Email, IM's, chatrooms, blogs, discussion boards. Today much of our communication takes place online. From MySpace to Yahoogroups to Blogspot many of us have relationships with people we may never meet in person. The researchers call this Computer-Mediated Communication. This blog will explore in laymens terms the findings of this research.

Friday, June 23, 2006

Getting to Know You -- Again -- Online

Remember that guy you went to the prom with in high school? What about that second cousin you hung out with at the last family reunion five years ago? And whatever happened to those people on your college debate team? Where are they now? What are they doing?

One of the interesting phenomena of computer-mediated communiation is how it has facilitated the ability to reconnect with people with whom you have lost touch. If you have ever searched for a former class member or renewed an acquaintance with a long-lost relative, you are not alone.

A study by the Pew Internet and American Life Project (2000) found that people are using the internet to improve communication between family and friends and to reconnect with those with whom they have lost touch. Unlike many research studies where the sample size is limited to a few college students, the Pew study had over 3500 respondents to their survey. (Just a note: The Pew Internet and American Life Project provides many different "snapshots" of the impact of computers on everyday life from online dating to religious uses of the internet.)

The survey also had the unique feature of not only asking what people did online in general, but also asked what they had done "yesterday." (p. 9)

Over half of those online (55 percent) said that the use of email has improved their connection with family members. Almost 60 percent say that they communicate more frequently with family members after obtaining email. (p. 7)

A similar pattern holds for significant friends. The survey found that 66 percent of have improved our relationships with significant friends through the use of email and 60 percent of us communicate more frequently with friends because of it. (p. 7)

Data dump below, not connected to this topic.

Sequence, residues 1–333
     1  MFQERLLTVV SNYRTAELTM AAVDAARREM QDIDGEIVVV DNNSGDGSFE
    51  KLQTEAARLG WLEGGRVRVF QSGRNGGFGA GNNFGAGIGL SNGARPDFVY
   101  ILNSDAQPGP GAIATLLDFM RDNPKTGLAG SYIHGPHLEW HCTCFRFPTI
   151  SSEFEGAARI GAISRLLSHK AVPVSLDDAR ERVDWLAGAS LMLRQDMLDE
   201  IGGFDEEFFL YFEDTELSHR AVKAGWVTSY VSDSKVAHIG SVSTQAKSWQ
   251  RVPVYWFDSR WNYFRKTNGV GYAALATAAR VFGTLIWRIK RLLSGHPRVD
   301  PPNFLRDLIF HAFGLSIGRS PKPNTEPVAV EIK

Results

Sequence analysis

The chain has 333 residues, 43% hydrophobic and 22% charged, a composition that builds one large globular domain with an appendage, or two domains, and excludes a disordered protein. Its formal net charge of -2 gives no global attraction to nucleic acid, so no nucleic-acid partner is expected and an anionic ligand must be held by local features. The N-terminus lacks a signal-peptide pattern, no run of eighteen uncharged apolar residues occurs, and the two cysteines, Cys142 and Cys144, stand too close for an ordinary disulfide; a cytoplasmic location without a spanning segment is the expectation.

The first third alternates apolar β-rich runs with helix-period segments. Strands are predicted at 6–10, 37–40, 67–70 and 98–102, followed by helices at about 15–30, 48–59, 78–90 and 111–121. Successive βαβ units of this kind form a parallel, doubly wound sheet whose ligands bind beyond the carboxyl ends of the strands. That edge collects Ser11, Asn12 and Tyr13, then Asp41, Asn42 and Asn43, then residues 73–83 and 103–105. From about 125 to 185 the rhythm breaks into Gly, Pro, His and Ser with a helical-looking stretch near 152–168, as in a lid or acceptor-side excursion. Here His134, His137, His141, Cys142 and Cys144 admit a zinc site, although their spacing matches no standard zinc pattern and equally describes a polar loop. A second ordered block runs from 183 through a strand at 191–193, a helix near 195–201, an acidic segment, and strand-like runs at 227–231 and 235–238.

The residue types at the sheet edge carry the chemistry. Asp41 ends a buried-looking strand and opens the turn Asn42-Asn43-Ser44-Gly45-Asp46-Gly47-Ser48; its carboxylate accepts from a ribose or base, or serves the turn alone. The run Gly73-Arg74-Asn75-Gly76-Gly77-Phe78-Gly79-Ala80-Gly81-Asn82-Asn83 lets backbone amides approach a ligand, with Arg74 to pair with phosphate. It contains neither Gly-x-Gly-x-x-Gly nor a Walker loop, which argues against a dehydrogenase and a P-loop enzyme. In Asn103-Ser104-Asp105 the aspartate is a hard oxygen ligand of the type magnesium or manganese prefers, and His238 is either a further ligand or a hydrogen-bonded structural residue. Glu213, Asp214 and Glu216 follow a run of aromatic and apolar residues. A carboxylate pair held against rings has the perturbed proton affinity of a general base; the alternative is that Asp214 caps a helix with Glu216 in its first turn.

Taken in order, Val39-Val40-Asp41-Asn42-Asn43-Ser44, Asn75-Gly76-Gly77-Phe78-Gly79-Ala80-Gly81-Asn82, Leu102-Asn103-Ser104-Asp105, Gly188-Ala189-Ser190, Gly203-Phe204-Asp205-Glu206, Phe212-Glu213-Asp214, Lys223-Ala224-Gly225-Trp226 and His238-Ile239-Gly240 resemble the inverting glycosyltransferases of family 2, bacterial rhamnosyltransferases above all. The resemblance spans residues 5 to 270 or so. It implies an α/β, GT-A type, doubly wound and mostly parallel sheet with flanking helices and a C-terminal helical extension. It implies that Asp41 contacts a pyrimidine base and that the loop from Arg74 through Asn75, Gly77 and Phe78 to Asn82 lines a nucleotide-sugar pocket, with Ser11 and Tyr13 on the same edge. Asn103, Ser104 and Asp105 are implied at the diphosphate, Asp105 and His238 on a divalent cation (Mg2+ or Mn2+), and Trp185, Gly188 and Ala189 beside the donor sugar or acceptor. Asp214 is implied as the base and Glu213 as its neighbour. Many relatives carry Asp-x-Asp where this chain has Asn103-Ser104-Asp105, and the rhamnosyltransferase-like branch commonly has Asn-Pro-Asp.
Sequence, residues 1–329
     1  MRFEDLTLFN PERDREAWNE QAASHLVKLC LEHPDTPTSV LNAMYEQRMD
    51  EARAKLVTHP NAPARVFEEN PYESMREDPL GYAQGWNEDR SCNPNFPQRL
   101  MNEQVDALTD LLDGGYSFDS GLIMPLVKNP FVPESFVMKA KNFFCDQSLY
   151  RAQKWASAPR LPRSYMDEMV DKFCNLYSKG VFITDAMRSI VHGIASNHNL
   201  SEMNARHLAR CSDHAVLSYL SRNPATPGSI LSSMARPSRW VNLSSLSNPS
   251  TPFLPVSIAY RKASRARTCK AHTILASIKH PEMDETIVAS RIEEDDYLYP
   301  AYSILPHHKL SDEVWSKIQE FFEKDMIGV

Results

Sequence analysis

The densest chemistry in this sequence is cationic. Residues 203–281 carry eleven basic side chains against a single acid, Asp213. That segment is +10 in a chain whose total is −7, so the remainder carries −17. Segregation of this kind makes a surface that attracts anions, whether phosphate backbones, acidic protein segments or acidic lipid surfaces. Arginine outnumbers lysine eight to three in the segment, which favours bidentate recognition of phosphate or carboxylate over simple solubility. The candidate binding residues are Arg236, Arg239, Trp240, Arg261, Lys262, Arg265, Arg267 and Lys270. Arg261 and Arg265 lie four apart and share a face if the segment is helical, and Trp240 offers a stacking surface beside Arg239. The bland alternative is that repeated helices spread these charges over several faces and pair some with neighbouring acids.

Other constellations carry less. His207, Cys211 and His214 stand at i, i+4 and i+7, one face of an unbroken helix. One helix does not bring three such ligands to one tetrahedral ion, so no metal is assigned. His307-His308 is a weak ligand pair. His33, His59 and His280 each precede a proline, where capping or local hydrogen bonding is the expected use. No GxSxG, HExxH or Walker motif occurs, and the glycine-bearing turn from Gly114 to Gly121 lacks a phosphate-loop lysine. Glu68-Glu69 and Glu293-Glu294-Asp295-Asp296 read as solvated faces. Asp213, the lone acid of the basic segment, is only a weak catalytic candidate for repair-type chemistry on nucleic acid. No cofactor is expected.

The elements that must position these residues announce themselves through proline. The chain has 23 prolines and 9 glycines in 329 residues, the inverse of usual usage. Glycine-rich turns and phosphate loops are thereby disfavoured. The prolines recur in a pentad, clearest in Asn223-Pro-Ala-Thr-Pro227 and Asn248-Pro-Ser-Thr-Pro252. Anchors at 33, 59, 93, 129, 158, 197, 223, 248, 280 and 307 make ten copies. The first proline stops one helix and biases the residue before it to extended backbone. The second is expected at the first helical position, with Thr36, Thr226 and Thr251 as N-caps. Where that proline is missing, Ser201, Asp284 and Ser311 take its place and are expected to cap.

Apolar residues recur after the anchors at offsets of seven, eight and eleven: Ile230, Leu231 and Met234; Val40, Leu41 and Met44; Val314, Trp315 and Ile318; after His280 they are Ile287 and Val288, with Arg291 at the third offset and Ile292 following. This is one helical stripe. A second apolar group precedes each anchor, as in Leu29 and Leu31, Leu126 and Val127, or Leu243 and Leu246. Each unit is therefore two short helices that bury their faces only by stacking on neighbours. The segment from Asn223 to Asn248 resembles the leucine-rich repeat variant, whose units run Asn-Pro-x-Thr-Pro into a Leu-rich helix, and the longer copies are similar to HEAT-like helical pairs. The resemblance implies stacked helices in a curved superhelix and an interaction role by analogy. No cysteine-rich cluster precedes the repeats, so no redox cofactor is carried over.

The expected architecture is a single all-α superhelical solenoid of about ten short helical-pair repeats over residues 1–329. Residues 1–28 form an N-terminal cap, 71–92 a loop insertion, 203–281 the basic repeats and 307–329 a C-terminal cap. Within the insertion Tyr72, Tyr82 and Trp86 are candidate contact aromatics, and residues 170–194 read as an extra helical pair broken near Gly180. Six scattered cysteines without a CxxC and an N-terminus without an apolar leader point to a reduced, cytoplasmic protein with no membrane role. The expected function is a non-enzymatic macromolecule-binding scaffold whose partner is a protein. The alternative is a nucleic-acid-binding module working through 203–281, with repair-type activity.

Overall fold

But we are not only keeping in touch, we are also reaching out. Pew (p. 8) estimates that 26 million Americans have used the internet to reconnect with a family member and to begin communicating regularly with that person. According to the report, 24 million have used the internet to search for a family member online. (p. 8)

One interesting detail was that an estimated 16 million Americans say they have learned more about their family members since obtaining email. (p. 8)

Email is becoming the primary mode of communication for some families. Among those who email relatives 40 percent communicate more with that person by email than in person (p. 8). Siblings email more often than than they talk on the phone. (p. 8) Parents and children talk on the phone about as often as they email each other. (p. 8)

Some of the reasons for this are interesting as well. One is the question of time. For both family members (62 percent) and friends (72 percent) respondents said that they liked email because they "can stay in touch without having to spend so much time talking to them." (p. 8) I don't know if this is a commentary on our busy lives or the relationships we have with family and friends, but I find myself preferring to fire off an email to a freind rather than pick up the phone and call, especially if it is a minor item like confirming the time of a social event.

Also, nearly 1/3 of the respondents say that it is easier to say frank or unpleasant things in an email than face to face. They also believe that blunt emails are good for their families.

When I was a kid in the --- well sometime before the advent of the internet --- the computer was the stuff of science fiction. The idea of a "personal computer" was so exotic that it was something out of Star Trek . We have come a long way in terms of how the computer has become embedded in daily life. The fact that we communicate with our families as much, if not more, online as we do in person or on the phone shows that the computer has moved from being a technological marvel to being a household appliance.


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